June 22, 2006


Rorem: Flute Concerto (2002); Violin Concerto (1985); Pilgrims (1958). Jeffrey Khaner, flute; Philippe Quint, violin; Royal Liverpool Philharmonic Orchestra conducted by José Serebrier. Naxos. $8.99.

     Everything Ned Rorem writes sings.  This is not a mere critical conceit: Rorem himself has said, “I conceive all non-song pieces as though they were songs – like settings of words that aren’t there.”  The 82-year-old composer is best known for his songs, but he has also written a substantial body of purely instrumental music, much of which has the tempo, rhythm and thematic lines of extended wordless songs.

     That is certainly true of the pieces on this CD, two of which – the Flute Concerto and Pilgrims – are world-première recordings.  Pilgrims is an extended, moderately melancholy meditation for string orchestra that has nothing to do with early U.S. settlers and everything to do with what Rorem, as quoted in the CD’s booklet notes, describes as “a mood of remembrance.”  It provides a pensive introduction to the two concertos.

     Neither concerto is really accurately titled.  Rorem suggests that the word “concerto” has many different definitions, which is true, but it does create certain common structural expectations on top of the basic one of using a solo instrument to dominate a group of others – or at least be first among equals.  In light of their structure, these works might better be titled “Six Movements for Flute and Orchestra” and “Six Movements for Violin and Orchestra.”  The movements are mostly self-contained, though the first and last ones of the violin work are cleverly interrelated.  Each movement has a title that is more suggestive than descriptive; there is no sense of “tone painting” here.  And the dominant pacing of both concertos is somewhere in the Andante-to-Moderato range – as if each work is an extended song.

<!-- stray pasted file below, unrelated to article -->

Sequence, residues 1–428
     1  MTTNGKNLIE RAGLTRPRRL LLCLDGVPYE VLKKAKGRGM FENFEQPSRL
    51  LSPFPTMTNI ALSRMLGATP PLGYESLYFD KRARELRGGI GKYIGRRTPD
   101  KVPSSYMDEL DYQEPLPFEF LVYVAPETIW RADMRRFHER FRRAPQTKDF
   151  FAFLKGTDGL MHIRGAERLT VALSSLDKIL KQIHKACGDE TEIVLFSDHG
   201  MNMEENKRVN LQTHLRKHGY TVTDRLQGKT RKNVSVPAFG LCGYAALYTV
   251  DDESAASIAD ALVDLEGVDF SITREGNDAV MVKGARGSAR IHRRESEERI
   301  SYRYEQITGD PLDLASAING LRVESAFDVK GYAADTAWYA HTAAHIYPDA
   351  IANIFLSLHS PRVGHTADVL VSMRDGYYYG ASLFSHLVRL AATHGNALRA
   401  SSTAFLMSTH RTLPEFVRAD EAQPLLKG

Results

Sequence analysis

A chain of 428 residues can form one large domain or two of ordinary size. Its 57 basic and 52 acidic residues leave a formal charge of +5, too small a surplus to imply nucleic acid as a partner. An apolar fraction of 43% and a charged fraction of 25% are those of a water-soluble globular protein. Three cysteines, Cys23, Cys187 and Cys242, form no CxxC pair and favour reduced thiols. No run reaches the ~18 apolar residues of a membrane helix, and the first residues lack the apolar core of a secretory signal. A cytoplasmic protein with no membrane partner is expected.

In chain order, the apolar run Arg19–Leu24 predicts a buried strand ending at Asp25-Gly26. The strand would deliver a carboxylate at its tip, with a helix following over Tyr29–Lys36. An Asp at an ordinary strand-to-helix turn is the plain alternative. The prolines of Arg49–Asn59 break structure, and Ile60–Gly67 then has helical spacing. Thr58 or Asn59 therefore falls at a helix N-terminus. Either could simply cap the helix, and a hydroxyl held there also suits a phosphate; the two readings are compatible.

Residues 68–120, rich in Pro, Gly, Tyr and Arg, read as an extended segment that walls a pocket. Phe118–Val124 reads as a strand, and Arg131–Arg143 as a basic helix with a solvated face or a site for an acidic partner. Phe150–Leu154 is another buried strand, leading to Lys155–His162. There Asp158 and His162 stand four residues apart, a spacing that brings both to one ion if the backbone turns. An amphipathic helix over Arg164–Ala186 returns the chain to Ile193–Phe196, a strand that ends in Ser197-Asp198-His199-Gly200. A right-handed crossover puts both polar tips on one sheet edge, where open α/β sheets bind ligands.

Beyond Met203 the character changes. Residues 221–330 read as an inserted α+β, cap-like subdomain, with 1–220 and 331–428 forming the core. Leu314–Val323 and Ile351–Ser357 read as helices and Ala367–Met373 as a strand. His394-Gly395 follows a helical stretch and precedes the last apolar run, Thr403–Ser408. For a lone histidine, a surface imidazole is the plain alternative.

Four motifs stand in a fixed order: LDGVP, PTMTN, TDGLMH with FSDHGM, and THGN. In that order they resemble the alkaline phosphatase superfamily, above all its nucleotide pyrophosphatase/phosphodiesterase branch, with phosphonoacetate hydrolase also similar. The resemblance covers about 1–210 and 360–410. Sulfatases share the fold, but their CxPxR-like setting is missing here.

Though written 17 years apart, the two concertos have some structural elements in common.  The fifth movement for flute and second movement for violin use the same distinctive dynamic structure of soft-loud-soft.  That fifth flute movement is called “False Waltz,” and the fifth violin movement, though labeled “Toccata-Rondo,” is in reality also a false waltz – in 4/4 time.  In both works, the solo part climbs in and out of the orchestra, and is often subsumed within it – in fact, in the flute concerto, the piano is as much a solo instrument in some sections as the flute.

     Among the more interesting movements are the fourth in the flute concerto, called “Hymn,” which is scored as a quintet instead of an orchestral piece; and the third in the violin concerto, “Romance without Words,” the most songlike movement of all, which Rorem says “is literally a song from which the text has been excised.”

     Jeffrey Khaner, for whom the Flute Concerto was written, plays it with tremendous style and sensitivity, while Philippe Quint brings bright virtuosity plus soulfulness to the Violin Concerto.  José Serebrier’s conducting is impeccably attentive to detail, and the Royal Liverpool Philharmonic plays with fine tone and sensitivity to the nuances of the works.  The result is a CD that sings beautifully – as Rorem’s music always should.

No comments:

Post a Comment